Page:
Two types of skin reactions can occur when using essential oils topically. Irritation and Sensitization. They are quite different and are often initiated by different chemical components in an essential oil.

Skin irritations will sometimes occur in one individual and not in another and this is because the skin of one might be sensitive to a particular component in the essential oil. Skin irritation happens on the first exposure to the irritation, the reaction is rapid and the severity will depend on the concentration of the irritant present. The skin responds with an inflammatory reaction. So when you see an essential oil with the caution that it may be a skin irritant use it with caution on people with sensitive skins.

Skin sensitization is a type of allergic reaction. The oil may not produce any reaction on the first contact, however once the allergen has penetrated the skin, the body’s immune system reacts to fight off the invader causing a rash on the skin. Sensitization reactions can also take the form of inflammation, breathlessness, nausea or headache. It is actually possible to become sensitized to any essential oil.

Sensitization to an essential oil can happen through overuse of any oil and an interesting fact is that Lavender (Lavandula angustifolia), the essential oil with the reputation of being one of the most versatile and safest essential oils around, is the one that most therapists have become sensitized to. This happens mainly through overuse of the oil, a good reminder that we should not just use the same oil or blend of oil day in and day out but we should change our blends around on a regular basis.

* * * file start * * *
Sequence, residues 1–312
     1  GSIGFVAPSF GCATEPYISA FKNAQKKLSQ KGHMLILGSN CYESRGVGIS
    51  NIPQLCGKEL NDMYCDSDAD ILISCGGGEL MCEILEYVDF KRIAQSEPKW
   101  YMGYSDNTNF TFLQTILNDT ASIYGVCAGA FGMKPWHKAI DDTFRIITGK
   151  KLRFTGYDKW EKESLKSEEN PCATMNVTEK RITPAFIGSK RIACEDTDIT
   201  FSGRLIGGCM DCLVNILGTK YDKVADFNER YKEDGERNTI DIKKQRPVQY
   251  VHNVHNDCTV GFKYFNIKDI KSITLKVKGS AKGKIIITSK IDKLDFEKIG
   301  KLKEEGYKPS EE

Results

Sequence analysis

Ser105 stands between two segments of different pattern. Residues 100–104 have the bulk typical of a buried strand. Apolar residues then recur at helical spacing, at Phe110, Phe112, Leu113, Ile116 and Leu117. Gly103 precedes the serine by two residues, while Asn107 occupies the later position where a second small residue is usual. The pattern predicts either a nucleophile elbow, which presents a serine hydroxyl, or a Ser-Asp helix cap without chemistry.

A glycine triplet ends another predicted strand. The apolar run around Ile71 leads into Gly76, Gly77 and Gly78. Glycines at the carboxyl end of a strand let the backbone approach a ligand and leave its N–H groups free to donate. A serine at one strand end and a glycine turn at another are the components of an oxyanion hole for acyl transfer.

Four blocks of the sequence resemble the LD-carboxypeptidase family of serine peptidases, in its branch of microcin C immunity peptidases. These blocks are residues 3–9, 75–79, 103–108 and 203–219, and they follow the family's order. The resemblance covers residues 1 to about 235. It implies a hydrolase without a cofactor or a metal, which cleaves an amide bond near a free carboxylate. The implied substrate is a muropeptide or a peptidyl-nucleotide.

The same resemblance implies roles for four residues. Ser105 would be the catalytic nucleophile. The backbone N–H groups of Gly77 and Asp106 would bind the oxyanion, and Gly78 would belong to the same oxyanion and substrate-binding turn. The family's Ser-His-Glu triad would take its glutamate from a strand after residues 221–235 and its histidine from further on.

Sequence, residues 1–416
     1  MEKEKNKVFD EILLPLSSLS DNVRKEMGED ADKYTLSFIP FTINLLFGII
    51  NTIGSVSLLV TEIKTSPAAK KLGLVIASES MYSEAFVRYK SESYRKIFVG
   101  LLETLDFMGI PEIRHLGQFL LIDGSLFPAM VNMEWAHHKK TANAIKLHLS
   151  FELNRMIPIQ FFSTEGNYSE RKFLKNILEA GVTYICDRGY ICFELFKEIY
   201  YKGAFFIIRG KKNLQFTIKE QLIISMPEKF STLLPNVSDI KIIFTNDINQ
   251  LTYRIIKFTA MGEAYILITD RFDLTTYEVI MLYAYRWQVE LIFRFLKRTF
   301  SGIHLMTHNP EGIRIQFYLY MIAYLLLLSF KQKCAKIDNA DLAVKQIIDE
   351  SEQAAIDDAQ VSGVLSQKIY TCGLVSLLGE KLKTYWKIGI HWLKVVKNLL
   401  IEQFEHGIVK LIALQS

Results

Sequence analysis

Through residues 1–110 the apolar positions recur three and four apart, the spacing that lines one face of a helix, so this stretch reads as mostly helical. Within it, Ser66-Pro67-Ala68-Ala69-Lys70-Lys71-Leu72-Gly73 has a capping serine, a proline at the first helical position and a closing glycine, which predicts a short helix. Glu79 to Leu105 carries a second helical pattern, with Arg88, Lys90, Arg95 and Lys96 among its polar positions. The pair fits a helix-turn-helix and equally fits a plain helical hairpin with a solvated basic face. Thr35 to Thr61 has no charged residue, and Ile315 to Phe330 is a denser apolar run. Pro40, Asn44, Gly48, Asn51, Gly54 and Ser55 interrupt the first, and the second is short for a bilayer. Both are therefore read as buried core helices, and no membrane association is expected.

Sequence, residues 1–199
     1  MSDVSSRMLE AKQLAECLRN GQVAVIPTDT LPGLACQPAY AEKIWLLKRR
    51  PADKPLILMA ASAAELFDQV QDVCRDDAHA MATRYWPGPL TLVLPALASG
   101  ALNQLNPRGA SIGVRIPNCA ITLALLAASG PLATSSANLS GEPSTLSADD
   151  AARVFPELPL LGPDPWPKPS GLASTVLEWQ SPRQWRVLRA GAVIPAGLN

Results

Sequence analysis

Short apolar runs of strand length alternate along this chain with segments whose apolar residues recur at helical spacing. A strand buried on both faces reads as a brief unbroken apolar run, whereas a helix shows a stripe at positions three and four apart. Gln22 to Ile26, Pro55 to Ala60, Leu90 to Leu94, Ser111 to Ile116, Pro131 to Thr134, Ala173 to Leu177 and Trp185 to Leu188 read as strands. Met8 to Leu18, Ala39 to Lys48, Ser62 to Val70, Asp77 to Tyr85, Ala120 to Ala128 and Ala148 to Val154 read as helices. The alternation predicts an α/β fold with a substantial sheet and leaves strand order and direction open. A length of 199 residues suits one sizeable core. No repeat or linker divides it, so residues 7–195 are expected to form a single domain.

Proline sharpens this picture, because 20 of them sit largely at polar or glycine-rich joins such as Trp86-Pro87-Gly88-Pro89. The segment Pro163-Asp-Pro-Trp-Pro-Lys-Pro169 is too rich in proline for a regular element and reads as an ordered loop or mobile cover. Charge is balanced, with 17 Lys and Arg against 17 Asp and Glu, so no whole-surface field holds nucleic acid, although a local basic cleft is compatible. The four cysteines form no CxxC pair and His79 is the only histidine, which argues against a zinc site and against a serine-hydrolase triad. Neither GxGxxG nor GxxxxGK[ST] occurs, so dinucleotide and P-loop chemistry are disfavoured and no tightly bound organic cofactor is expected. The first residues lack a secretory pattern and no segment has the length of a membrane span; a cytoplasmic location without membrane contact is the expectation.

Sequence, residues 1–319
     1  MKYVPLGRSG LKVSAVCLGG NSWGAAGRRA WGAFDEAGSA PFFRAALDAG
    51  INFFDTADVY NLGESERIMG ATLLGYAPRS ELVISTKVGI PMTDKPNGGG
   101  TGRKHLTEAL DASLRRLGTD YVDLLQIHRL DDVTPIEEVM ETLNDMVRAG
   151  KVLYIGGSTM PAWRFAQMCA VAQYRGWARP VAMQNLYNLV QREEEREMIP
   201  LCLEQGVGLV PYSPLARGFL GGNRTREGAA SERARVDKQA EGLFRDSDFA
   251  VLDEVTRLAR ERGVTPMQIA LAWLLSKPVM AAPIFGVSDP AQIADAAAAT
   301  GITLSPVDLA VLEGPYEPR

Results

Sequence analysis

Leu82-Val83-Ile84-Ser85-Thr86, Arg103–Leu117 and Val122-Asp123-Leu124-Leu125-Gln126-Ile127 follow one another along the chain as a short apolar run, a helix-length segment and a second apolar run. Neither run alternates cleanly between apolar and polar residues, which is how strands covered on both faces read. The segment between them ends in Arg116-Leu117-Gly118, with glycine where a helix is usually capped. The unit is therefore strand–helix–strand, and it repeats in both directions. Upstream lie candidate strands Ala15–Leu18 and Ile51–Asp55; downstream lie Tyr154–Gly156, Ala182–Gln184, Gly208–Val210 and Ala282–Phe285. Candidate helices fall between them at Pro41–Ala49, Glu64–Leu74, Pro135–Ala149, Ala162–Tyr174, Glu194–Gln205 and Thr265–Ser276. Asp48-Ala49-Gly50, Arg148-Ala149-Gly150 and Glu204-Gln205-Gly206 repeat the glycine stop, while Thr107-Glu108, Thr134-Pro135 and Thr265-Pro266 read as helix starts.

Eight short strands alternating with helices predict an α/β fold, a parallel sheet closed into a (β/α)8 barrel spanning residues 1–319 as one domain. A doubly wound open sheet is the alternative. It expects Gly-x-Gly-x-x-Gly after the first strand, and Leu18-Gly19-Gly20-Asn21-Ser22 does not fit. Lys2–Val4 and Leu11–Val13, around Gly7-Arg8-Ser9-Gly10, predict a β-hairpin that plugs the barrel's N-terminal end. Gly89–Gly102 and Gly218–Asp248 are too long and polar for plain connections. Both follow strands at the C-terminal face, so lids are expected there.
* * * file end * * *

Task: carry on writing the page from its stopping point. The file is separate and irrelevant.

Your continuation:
Whenever you feel there is a possibility of skin irritation or skin sensitization patch test first.

To patch test with a particular oil:

  • Place one drop of carrier oil or lotion on your breastbone, or behind your ear.
  • Leave for 12 hours.
  • If there is no adverse reaction, dilute one drop of the essential oil in half a teaspoon of the carrier oil or lotion, and rub the mix on your breastbone or behind your ear.
  • Allow 12 hours for any reaction to show.
  • If there is an adverse skin reaction:
  • Wash the skin gently with unperfumed soap to remove most of the oils that are on the surface of the skin.
  • Expose the skin to air (but not strong sunlight) to encourage the evaporation of the essential oils.
  • Essential oils of Yarrow (Achillea millefolium) and German Chamomile (Matricaria recutita) have been found to counter irritation and sensitisation reactions. They should always be properly diluted in a carrier before application.

Cross-sensitization: Keeping in mind that each essential oils is a complex mix of many different chemical components, it is generally not the ‘whole’ essential oil that one becomes sensitized to but rather one or more of its chemical components. When this happens it is possible that one can be susceptible to becoming sensitized to other essential oils containing the same chemical components. Thankfully this does not happen very often.

Some Factors Increasing the Absorption of Essential Oils:

  • Warmth and massage both enhance absorption, as does hydrating the skin before oil application.
  • Covering the skin following massage aids absorption.
  • Damaged skin is more permeable than undamaged skin, and so essential oils should be applied to it with caution. Applying essential oils to damaged skin is one of the ways that could increase the likelihood of skin sensitization.

Back to the Article Archives Index for more articles like this.